How many times have you heard that little advice line from your friends and family?
Easy for them to say. But for us stressaholics, it’s not an easy thing at all. I have learned through my years of coping (and not coping) with stress, that to “just relax” is pretty much a full time job. If I do not keep relaxation at the top of my consciousness virtually all the time, my body lets me know through various acts of rebellion.
First comes the pain between the shoulder blades. Then the neck muscles begin to cramp. Then it’s the stomach ache, which sometimes ends in getting-sick-and-going-to-bed for hours or even days. It is not pleasant.
The physical manifestations of stress are different for different people. Yours may be migraines, low back pain, high blood pressure—you’re probably well aware of where the stress goes. But how can you stop it? I use a number of different techniques, with varying frequency and degrees of success. I’ll talk about each of these in detail in future blogs, but here’s the short list:
· Progressive relaxation
· Breath work
Let’s start with progressive relaxation. This is the technique of relaxing each part of the body in sequence. Some people start with the toes and work up. I prefer starting at the top of the head and working down. I like this process because I can more easily visualize the stress leaving my body when I’m moving from top to bottom. Some people use a technique of tensing and releasing each muscle group. Others just visualize the stress draining out of the body.
Years ago a psychologist gave me a CD with a narrative sequence that took me through this process. I still have it on my iPod and I use it a lot, especially when I’m traveling.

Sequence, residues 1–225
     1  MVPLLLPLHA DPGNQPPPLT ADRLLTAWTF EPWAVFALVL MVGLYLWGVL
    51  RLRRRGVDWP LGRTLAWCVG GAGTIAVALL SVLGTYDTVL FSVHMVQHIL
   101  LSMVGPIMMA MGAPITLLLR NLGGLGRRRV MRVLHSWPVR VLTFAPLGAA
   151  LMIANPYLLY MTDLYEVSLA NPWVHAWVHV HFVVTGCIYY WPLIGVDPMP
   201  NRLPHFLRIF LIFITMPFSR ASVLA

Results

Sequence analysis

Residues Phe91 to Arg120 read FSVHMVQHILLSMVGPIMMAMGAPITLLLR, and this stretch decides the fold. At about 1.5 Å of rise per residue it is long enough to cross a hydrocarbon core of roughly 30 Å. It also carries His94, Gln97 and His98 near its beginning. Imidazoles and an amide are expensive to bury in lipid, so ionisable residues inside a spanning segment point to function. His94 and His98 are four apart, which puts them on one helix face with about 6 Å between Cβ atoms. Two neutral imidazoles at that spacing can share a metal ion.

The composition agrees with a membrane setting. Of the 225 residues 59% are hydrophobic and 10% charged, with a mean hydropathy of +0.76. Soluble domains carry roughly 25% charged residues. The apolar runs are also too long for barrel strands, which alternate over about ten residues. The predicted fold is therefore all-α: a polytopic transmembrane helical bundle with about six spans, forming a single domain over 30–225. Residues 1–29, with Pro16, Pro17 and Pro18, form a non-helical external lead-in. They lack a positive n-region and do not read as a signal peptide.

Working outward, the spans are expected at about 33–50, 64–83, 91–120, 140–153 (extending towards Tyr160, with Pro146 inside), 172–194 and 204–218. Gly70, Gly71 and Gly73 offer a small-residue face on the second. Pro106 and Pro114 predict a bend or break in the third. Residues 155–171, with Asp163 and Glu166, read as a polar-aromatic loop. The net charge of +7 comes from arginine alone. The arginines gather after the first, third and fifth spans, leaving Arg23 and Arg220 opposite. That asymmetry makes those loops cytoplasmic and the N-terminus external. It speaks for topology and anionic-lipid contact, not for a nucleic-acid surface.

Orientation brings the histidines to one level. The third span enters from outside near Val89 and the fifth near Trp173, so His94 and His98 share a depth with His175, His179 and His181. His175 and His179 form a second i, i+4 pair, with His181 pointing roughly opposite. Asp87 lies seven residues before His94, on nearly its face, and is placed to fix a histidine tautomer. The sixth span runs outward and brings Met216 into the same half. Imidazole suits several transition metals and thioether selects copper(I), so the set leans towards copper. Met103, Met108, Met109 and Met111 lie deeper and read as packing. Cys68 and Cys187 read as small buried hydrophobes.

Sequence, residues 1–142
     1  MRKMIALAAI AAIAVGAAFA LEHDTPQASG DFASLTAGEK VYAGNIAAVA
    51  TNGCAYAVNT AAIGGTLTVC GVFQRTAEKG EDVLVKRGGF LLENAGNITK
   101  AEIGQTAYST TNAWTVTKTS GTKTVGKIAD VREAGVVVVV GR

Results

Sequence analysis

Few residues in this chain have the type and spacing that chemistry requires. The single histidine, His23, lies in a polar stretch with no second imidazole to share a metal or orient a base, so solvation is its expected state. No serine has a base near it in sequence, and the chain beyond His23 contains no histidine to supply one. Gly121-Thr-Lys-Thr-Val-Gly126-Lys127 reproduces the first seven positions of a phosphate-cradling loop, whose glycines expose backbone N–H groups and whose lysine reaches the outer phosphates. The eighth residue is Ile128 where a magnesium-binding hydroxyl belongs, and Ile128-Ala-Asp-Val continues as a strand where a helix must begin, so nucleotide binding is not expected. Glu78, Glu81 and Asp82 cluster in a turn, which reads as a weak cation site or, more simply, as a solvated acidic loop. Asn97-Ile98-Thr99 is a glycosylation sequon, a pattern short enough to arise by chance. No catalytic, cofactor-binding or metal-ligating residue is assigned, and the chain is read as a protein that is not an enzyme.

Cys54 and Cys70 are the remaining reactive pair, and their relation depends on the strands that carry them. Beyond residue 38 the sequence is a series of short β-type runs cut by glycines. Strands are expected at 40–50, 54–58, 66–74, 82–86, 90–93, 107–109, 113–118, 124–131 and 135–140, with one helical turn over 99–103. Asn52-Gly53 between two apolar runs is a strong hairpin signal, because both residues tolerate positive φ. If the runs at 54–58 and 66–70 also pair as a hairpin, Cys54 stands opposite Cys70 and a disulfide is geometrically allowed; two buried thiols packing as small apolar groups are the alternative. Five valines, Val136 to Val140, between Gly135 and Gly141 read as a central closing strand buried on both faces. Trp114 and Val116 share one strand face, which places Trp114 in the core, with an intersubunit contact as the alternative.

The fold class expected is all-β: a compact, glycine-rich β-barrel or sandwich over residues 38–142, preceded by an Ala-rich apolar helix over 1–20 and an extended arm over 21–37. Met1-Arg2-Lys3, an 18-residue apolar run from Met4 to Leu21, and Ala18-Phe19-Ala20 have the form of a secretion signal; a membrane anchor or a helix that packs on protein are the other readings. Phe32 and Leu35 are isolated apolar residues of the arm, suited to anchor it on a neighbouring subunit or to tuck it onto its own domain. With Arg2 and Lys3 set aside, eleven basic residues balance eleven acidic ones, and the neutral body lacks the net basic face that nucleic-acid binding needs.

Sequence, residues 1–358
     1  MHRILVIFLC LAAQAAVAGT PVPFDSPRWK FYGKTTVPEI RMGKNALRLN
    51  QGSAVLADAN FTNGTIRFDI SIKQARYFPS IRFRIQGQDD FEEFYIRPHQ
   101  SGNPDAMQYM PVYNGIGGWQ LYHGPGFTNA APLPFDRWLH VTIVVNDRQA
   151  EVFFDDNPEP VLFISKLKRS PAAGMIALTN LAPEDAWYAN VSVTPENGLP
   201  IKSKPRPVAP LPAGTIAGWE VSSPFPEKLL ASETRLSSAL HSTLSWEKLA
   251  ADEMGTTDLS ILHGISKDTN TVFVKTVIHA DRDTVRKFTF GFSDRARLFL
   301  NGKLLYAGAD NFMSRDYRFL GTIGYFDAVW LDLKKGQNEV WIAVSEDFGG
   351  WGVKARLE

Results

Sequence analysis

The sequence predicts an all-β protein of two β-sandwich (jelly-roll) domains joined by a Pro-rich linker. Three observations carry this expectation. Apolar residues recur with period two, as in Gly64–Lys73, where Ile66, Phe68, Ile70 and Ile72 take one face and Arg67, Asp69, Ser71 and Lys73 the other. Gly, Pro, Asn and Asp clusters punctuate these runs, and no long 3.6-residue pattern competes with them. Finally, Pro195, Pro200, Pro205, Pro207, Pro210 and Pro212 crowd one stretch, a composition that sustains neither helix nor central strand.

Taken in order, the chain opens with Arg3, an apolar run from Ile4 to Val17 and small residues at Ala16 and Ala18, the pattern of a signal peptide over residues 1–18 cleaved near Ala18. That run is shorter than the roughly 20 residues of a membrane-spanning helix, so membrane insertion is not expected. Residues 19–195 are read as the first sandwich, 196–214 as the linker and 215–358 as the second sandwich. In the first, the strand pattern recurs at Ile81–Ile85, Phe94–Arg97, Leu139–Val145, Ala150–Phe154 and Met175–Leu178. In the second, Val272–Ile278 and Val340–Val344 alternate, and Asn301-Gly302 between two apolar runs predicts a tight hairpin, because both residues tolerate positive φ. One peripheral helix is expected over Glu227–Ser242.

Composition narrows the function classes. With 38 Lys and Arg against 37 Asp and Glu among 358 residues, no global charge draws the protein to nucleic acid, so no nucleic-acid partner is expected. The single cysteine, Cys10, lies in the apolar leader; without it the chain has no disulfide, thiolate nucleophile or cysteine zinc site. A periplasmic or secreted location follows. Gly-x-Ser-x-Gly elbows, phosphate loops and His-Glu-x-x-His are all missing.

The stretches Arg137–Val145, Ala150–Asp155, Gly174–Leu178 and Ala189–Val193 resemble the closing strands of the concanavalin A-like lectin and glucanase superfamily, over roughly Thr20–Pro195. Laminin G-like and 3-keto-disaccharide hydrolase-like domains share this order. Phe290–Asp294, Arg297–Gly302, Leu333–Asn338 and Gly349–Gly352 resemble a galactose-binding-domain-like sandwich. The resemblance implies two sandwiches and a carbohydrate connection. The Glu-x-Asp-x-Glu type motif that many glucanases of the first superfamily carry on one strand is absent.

You can find a number of scripts on the Internet (just Google progressive relaxation). You can memorize these, record them in your own voice, or have someone else record them for you.
The aforementioned psychologist would combine this script with a biofeedback program that literally showed on a graph how my heart rate and breathing slowed when I was in the process. The first time I saw this on screen, I was astounded. This stuff really works!
Most of the scripts and sequences I’m familiar with take about ten minutes to complete. But sometimes we don’t have ten minutes—maybe more like ten seconds. So I have a short form I use frequently throughout the day. I do it as part of my "30 golden minutes" discussed in an earlier post, in the shower, at my desk, in the car, in meetings—anywhere I become aware that tension is reaching a boiling point. Just say this out loud or to yourself, whenever you feel the need.
My head is completely relaxed (relax your eyes too).
My neck is completely relaxed (relax your tongue and throat)
My shoulders are completely relaxed.
My arms are completely relaxed.
My fingers are completely relaxed.
My heart is completely relaxed.
My chest is completely relaxed.
My stomach is completely relaxed
My hips are completely relaxed.
My legs are completely relaxed.
My feet are completely relaxed.
My toes are completely relaxed.
My mind is completely relaxed.
My entire body is completely relaxed and at peace.
This is the best quick fix I know for keeping stress at bay. Or as my grandmother used to say when trying to cram some distasteful snake-oil-type remedy down my throat, “It can’t hurt you and it might even do you some good.”